In the study of astronomy and cosmology, distance is frequently represented by using the units termed as 'light-years'. A light-year is the distance which light travels in one year, and as light travels at around 3 x 108 m/s and there are approximately 3.15 x 107 seconds in one year, a light-year (that is, distance is the velocity multiplied by the time) is just under 1016 m, or around 10 trillion kilometers.
The distance from the Sun to Pluto, that is the dimension of our solar system, is around 5.4 light-hours and the distance to the nearby star, Proxima Centauri, is around 4.25 light-years. Our solar system is a part of the Milky Way Galaxy that is a typical size galaxy and is around 100,000 light-years across. Andromeda, our nearest galactic neighbor, is positioned around 2,140,000 light-years away and the distance to the farthest object we can see is around of 10 to 20 billion light-years.
The universe is between 10 and 20 billion years old, and the general accepted age is 15 billion years. This is a very long time. To understand its depth, we will map the history of the universe into one of our 12-month calendar years. Our cosmic year starts with the formation of the universe at midnight. However a lot goes on in the first few months, our galaxy, the Milky Way, does not form until 1 May and our solar system is absent until around September 9. Earth forms on 14 September and life originates in late September or early October. The Eukaryotes, the first cells having nuclei, are flourishing through mid-November however most of what we recognize regarding the history of life takes place in December.
December opens via an increase in oxygen in our atmosphere, a by-product of oxygen-producing algae which destroy themselves through overproducing oxygen. The first worms appear in mid-December, and plants start colonizing the land around December 20. Life enters the middle age on Christmas and dinosaurs rule the next few days. The primary primates appear on the December 29th however the first humans don't grow until late evening on the last day of the year. Agriculture is discovered with just 40 seconds before midnight, Rome falls with three seconds remaining, and recent history makes up the last second. We are starting the second year as beginners to the universe.
The Big Bang:
Our present, best hypothesis for the origin of the universe is termed as the Big Bang. The cause of the Big Bang is unidentified and as well unknown is what, if anything, went on before it. However we have learned, and are continuing to learn much about how the universe developed since its birth. The existence of a universe-initiating explosion is supported through several lines of evidence, most remarkably are:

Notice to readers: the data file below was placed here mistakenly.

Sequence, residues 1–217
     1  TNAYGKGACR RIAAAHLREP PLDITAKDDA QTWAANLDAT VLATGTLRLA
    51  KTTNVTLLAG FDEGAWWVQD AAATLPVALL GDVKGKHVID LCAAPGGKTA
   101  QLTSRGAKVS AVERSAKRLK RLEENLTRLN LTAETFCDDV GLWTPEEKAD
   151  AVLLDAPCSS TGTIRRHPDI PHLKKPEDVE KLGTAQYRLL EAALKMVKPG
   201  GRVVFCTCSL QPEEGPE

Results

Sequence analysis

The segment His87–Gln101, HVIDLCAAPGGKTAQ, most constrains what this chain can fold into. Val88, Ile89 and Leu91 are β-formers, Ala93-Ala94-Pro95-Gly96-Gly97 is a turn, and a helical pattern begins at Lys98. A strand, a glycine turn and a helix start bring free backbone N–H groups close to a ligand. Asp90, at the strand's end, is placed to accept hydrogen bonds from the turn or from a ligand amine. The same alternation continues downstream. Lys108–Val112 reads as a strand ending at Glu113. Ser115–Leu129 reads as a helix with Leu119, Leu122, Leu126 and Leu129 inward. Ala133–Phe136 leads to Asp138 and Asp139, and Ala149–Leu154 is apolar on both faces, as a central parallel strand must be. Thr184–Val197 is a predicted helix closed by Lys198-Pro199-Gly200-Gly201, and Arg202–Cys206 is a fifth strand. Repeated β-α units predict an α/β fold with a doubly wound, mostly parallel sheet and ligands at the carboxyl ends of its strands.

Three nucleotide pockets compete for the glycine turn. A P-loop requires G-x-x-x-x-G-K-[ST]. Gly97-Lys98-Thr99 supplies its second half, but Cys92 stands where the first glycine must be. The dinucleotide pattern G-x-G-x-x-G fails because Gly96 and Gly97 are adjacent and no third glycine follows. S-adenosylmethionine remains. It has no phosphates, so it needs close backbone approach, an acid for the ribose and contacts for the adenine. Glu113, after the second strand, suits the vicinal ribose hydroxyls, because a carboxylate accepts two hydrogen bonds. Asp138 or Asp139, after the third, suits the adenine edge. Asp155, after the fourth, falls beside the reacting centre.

Everything we are familiar with is a composite of a mere 109 building blocks which we call elements. The atoms of 92 naturally occurring elements join to form the myriad of materials which we see and use on a daily basis. An atom is the collection of particles termed as protons, neutrons and electrons (that is, these particles are composites of still smaller particles; however we will keep it simple). We can assume an atom as a dense core of protons and neutrons termed as the nucleus, surrounded through a cloud of orbiting electrons and as protons and neutrons are much huger than electrons, most of the mass of an atom lives in the nucleus.
Origin of the elements and composition of universe:
All matter in the universe was produced during the Big Bang however much of it has been revised in the interior of stars.
Our understanding of the methods that made the solar system comes from our understanding of the physics of rotating bodies and examination into the chemical composition of the Sun, moons, planets and asteroids. However much exciting work remains to be done on several aspects of solar-system evolution, we encompass a robust hypothesis explaining the solar-system formation which gives a stable frame-work for research.
The kinds of Meteorites comprise: stony, iron and the processes for dating the age of rocks and meteorites are based on the spontaneous transition of some elements to other elements. This is termed as the radiometric dating method. The spontaneous transition is termed as radioactive decay and we name the isotopes that decay the 'parent' and the product of decay a 'daughter'.
The outcome of such analyses points out that meteorites have ages close to 4.56 Ga, and therefore so does Earth. The oldest rocks are just under 4 Ga; no rocks survived the earliest part of history of Earth.